Starting next year, school districts in Ohio will do away with current grade card designations, such as “Excellent,” and “Effective,” and “Continuous Improvement.” Instead, they will receive letter grades on several measures similar to how students receive grades for their classes.
“I think it’s time now to begin preparing the community for this,” Oregon City Schools Superintendent Dr. Mike Zalar said at a recent school board meeting.
“Starting next year, we’re going to do away with the current grade card that has designations. We’re going to a letter grade system,” he said.
The grades for measures will be combined into six categories, called components. The six components are: Achievement, Progress, Gap Closing, Graduation Rate, K-3 Literacy, and Prepared for Success.
Achievement, according to the Ohio Department of Education, measures absolute academic achievement compared to national standards of success. Progress measures the average annual improvement for each student. Gap Closing measures how well a school or district is doing in narrowing gaps in reading, math, and graduation rate among students according to socioeconomic, racial, ethnic or disability status. K-3 Literacy measures the improvement in reading for students in kindergarten through third grade. And Prepared for Success measures whether students who graduate are prepared for college or a career.
“By the year 2015, it will go to nine components,” said Zalar. “The state is not exactly sure yet of how they’re going to come up with a composite grade based on these components. It’s something they’re working on right now. We need to start talking about this in our community because it’s going to be a big change. Oregon is going to be on top of this.”
The standard level of proficiency will also rise to 80 percent from 75 percent, said Zalar.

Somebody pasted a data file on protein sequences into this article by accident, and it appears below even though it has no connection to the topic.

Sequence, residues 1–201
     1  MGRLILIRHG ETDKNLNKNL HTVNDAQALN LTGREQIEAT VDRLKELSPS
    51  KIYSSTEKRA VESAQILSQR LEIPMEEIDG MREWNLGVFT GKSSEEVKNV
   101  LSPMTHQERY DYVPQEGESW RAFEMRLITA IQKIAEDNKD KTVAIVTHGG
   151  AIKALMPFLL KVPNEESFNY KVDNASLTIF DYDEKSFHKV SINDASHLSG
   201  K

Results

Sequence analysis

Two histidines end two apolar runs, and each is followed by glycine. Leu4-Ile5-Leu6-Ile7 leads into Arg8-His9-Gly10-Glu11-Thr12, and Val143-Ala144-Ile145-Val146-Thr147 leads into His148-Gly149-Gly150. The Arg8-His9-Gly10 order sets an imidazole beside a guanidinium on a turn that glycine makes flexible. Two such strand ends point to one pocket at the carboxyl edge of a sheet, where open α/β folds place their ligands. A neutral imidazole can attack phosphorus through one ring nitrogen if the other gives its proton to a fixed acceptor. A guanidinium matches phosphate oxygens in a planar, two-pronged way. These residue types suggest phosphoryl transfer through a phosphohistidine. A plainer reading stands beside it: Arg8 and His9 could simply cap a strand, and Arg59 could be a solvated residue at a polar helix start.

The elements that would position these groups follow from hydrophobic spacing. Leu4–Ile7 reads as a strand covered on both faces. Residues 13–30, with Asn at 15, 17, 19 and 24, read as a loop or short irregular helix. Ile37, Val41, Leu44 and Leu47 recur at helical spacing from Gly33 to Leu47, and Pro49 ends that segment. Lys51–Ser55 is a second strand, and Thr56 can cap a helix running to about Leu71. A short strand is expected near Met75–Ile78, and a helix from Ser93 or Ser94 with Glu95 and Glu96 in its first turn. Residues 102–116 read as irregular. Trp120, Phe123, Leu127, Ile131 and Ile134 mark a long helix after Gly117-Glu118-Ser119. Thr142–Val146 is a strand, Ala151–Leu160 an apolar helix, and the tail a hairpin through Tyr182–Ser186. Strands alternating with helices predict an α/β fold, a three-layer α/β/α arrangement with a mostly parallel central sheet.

“So the bar continues to be raised, as well as the standards,” he said. “We’ve been working on this for a number of years. I’m confident that our staff and our kids are going to be prepared when these new changes come down. This is something that the state board of education feels strongly about. Their rationale is to try to make it easier for parents to understand. Parents understand letter grades. They don’t necessarily understand the various distinctions and categories like “Excellent,” and “Effective.”
Board member Diana Gadus said it will take time for the community to understand the changes.
“The letter grades that are going to be coming out are going to be based on this year’s testing results. The whole process of change is going to take at least three years as we move in that direction, with the new curriculum standards,” she said.
The district is frustrated, said Zalar, by the number of new statewide initiatives that are being mandated, such as: The new teacher evaluation system, new principal evaluation system, third grade reading guarantee, common core state standards, and online testing.
“These are major change initiatives that really should be years in the making that is sort of being dumped on public education, and we’re being asked to accommodate these changes very quickly,” said Zalar. “I believe the preparation we are taking, I want to commend our staff. We’re out in front of the curve a little bit. Certainly, we have room for improvement. These changes are tough on everyone. But they are necessary. They are mandated by the state and we’re doing the best we can to assimilate and accommodate them.”